Tuesday, August 07, 2007

Connecticut AG wants to force AT&T to serve entire state with IPTV

Now here's a turnabout. Over the past two years, AT&T has lobbied states for laws that allow them to go around local governments and get statewide "video franchises." Looking out for their constituents, most local governments (unlike El Dorado County, California) naturally want advanced broadband telecommunications services including video available for all of their residents. But Ma Bell and other telcos -- as well as the cable companies -- instead want to pick and choose winners and losers when it comes to determining who will get service.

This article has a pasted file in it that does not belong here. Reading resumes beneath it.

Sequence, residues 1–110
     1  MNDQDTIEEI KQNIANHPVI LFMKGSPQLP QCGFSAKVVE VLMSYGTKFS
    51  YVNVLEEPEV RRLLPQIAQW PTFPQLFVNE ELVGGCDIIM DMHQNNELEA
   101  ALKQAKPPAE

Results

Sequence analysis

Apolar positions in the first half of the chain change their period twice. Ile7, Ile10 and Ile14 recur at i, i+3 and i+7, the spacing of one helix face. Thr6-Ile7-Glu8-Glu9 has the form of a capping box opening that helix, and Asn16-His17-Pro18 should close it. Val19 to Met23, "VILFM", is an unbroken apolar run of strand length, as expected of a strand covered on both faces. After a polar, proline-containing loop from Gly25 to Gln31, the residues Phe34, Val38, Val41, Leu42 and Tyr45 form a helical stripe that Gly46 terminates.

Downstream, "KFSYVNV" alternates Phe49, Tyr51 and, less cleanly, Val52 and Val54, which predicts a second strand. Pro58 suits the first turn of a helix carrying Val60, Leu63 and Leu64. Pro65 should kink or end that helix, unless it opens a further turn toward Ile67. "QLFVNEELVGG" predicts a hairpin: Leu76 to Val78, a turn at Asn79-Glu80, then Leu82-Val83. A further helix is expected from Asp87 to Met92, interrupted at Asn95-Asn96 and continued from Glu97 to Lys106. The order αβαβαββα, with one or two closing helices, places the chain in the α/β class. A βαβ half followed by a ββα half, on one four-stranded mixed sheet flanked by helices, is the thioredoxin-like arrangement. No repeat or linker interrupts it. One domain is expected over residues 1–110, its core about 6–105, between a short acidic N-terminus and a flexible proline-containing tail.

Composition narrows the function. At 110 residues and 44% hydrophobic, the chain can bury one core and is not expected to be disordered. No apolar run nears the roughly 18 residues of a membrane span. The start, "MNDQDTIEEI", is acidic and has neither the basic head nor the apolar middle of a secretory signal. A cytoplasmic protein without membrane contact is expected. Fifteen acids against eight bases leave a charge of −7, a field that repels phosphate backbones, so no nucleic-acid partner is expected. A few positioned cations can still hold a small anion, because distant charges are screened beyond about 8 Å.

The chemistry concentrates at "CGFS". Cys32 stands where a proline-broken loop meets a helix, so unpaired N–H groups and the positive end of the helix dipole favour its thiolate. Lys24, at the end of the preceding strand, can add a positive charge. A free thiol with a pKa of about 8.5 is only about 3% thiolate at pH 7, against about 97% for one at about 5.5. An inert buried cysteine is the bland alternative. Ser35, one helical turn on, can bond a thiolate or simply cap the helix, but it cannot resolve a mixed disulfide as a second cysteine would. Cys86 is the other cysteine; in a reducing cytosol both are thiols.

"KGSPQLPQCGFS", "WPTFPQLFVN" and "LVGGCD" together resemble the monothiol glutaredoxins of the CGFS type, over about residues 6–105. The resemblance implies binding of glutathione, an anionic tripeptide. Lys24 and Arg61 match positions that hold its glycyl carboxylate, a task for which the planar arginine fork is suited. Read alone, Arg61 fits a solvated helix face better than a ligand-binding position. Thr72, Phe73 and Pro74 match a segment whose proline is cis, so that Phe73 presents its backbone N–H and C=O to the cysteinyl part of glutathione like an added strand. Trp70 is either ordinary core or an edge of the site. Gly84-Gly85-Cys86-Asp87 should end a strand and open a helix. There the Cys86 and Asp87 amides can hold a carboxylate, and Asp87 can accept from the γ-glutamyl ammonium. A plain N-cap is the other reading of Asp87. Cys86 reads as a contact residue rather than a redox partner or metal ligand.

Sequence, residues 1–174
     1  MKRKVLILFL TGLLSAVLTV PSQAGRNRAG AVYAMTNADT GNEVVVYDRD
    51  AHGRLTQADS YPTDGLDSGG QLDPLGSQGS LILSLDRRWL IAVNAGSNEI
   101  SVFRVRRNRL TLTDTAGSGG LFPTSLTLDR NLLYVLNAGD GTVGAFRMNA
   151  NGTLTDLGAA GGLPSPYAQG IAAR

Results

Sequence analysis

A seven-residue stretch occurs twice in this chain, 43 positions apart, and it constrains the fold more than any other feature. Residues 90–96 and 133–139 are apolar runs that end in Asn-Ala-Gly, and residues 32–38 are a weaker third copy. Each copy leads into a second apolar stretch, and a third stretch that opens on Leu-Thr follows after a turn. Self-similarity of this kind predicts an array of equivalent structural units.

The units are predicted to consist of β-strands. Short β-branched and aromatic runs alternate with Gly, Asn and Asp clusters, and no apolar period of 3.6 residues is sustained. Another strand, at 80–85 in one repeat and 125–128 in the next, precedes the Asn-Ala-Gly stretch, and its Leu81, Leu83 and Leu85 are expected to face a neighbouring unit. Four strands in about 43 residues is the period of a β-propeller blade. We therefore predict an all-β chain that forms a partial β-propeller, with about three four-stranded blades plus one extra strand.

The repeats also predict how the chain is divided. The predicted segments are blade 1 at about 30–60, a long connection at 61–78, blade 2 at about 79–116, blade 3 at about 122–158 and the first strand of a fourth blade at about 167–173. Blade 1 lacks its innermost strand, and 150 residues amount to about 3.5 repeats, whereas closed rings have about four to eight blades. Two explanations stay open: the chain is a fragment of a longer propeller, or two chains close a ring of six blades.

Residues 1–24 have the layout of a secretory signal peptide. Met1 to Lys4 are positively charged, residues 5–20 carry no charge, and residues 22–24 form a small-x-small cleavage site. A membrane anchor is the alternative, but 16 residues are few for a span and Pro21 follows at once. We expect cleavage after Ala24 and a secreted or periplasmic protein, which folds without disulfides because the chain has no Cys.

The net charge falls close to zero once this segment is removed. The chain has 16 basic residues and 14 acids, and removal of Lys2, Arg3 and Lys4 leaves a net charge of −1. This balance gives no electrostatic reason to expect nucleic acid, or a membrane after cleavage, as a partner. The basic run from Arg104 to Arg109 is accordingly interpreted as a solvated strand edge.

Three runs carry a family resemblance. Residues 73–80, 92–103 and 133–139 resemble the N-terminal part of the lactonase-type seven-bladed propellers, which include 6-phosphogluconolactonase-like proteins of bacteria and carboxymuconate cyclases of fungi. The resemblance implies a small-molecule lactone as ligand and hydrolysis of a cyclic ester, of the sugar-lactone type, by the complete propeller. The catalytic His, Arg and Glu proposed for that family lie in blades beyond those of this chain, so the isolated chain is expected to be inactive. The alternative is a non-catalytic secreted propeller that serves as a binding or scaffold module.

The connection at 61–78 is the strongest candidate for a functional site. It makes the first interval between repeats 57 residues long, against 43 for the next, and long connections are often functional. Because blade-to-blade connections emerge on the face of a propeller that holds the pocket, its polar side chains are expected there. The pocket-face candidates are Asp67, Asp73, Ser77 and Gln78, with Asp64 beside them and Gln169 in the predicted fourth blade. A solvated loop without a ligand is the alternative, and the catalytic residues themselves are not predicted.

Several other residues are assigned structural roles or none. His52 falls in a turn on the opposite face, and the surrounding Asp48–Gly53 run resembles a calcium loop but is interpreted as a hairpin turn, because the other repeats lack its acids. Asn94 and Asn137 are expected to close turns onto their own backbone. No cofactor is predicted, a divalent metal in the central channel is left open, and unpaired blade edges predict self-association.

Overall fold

Connecticut isn't one of the two dozen or so states that put a statewide franchise law on the books. Nevertheless State Attorney General Richard Blumenthal worries that AT&T will work with the locals to leave much of the state on the wrong side of the digital divide and has petitioned the state's Department of Public Utility Control urging it to require Ma Bell to get a statewide franchise.

"Because AT&T serves virtually the entire state, the company needs to apply for a statewide license requiring it to eventually provide IPTV (Internet Protocol Television) service to all households, Blumenthal said in a press release. AT&T, which already offers IPTV in a few communities, had wanted to provide the service without state regulation and only in selected areas, according to Blumenthal's office.

Don't let the references to cable or video franchises and IPTV confuse the main issue. This issue isn't about TV or video competition. It's all about broadband buildout and closing the widespread digital divide.

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